If that's how you want the pump to work, then you need something (a sensor) to "close the loop" and you need your microcontroller to do more than just output a specific duty cycle.

I haven't watched this video so I'm not sure if it's the best reference but it seems to be on topic, and geared toward the RPi Pico that you're using.

 

MisterBill2

Joined Jan 23, 2018
19,474
@gibsonassembly in case it is not clear what these guys mean by feedback, optical sensors, magnetic sensors, etc. I will explain.

When you send a fixed voltage (or a fixed duty cycle of PWM) that is like holding the gas pedal of your car down to a specific distance from the floor. It is not a very effective way to dial in a precise speed. Think about if you did that in your car, it would slow way down when going uphill and speed way up when going downhill. So that's exactly how your cruise control does NOT operate. You cruise control uses a sensor to measure the car's speed and increases or decreases throttle as necessary to maintain the desired speed.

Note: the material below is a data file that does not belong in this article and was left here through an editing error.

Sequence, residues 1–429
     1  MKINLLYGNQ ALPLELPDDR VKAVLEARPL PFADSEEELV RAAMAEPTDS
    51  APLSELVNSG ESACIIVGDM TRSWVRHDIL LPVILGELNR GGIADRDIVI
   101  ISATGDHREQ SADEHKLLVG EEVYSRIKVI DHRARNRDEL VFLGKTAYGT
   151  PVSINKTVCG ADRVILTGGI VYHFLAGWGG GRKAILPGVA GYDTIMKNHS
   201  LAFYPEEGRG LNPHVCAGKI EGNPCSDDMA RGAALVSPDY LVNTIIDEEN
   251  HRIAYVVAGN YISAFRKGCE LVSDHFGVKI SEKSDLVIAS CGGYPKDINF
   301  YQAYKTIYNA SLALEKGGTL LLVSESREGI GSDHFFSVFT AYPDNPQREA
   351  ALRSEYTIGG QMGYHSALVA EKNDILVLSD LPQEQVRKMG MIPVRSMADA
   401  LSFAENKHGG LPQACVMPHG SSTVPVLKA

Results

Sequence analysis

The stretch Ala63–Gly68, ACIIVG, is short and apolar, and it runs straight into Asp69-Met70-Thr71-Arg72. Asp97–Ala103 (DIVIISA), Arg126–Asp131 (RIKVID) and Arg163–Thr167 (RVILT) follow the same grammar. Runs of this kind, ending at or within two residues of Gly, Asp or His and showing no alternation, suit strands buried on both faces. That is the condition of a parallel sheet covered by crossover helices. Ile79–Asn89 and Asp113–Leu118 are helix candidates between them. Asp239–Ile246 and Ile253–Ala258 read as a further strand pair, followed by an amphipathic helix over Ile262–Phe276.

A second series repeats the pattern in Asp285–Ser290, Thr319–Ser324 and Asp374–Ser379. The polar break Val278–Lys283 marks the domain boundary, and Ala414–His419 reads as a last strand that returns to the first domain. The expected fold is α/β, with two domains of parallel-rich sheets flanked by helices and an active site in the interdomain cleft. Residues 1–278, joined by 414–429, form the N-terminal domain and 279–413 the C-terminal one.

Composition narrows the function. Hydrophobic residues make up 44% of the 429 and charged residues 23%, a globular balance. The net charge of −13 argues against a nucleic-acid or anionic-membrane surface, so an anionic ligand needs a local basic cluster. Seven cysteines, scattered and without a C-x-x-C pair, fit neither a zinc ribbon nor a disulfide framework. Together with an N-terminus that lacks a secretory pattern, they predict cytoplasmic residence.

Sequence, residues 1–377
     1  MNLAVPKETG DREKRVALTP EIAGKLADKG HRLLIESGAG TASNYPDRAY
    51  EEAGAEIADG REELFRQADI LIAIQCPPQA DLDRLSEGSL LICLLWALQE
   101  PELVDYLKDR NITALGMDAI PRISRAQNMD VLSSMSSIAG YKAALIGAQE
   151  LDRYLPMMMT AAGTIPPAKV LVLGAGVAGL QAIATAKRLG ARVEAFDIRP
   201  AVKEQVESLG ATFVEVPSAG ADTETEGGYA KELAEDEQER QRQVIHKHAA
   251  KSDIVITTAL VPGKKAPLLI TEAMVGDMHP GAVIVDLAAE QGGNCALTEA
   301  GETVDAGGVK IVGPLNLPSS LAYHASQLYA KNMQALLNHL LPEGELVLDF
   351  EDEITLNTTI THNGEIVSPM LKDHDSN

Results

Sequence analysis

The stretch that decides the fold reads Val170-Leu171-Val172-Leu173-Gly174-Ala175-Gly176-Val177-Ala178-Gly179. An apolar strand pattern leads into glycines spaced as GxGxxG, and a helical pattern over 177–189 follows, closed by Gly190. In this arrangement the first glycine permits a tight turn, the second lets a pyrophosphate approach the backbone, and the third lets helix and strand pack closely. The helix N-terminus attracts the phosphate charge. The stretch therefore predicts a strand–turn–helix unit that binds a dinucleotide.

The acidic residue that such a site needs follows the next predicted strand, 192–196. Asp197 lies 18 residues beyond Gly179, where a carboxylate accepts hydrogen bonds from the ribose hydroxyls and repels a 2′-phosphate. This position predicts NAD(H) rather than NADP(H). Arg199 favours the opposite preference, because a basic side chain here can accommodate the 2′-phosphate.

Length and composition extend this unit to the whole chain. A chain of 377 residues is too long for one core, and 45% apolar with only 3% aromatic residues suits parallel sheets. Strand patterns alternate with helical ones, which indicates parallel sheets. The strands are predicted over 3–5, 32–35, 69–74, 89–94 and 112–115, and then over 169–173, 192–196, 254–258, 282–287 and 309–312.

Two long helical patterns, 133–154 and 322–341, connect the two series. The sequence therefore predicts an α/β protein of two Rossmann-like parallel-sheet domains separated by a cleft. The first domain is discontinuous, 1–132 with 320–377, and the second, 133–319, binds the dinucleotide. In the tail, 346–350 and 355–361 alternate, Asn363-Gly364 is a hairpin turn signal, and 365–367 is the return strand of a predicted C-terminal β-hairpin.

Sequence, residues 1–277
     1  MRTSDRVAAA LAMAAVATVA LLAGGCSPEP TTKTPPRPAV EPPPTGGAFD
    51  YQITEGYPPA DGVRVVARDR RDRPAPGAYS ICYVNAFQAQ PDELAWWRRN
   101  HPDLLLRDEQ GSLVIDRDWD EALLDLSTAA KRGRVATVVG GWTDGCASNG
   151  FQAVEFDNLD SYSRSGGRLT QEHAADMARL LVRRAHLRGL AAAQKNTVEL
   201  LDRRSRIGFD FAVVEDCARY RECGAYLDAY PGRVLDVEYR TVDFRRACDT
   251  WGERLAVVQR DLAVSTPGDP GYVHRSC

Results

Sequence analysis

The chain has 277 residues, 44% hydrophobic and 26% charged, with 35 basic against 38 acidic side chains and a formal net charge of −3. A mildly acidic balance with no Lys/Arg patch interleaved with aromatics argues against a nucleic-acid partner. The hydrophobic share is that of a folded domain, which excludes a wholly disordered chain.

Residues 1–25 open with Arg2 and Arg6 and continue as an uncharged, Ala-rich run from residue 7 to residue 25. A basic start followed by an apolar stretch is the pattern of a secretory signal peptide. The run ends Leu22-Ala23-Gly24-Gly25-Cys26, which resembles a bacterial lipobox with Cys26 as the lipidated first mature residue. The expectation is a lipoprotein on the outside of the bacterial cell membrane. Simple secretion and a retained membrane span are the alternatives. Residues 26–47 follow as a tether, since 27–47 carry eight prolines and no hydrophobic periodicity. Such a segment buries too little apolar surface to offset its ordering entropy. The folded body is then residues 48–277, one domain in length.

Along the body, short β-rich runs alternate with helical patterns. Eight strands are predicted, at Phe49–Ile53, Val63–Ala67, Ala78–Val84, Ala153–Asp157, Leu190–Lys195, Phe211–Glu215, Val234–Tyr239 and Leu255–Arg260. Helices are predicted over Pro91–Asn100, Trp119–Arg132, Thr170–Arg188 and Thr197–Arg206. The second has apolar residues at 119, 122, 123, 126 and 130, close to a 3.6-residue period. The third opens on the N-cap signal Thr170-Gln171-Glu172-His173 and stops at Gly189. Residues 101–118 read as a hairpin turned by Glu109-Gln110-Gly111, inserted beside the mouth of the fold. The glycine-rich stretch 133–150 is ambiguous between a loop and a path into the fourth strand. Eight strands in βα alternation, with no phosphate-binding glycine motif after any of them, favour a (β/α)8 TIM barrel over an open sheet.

If that's how you want the pump to work, then you need something (a sensor) to "close the loop" and you need your microcontroller to do more than just output a specific duty cycle.

I haven't watched this video so I'm not sure if it's the best reference but it seems to be on topic, and geared toward the RPi Pico that you're using.

My suggestion to use maximum pulse width WAS ONLY FOR MEASURING THE MOTOR VOLTAGE, because most meters will not provide the actual voltage measurement on a lower duty cycle PWM. I have designed and set up a whole lot of feedback systems, and took all three of the courses in feedback systems long ago.
My concern in this particular instance is that there may be an unintended voltage drop someplace causing the problem. We, on these threads, have seen that a few times before.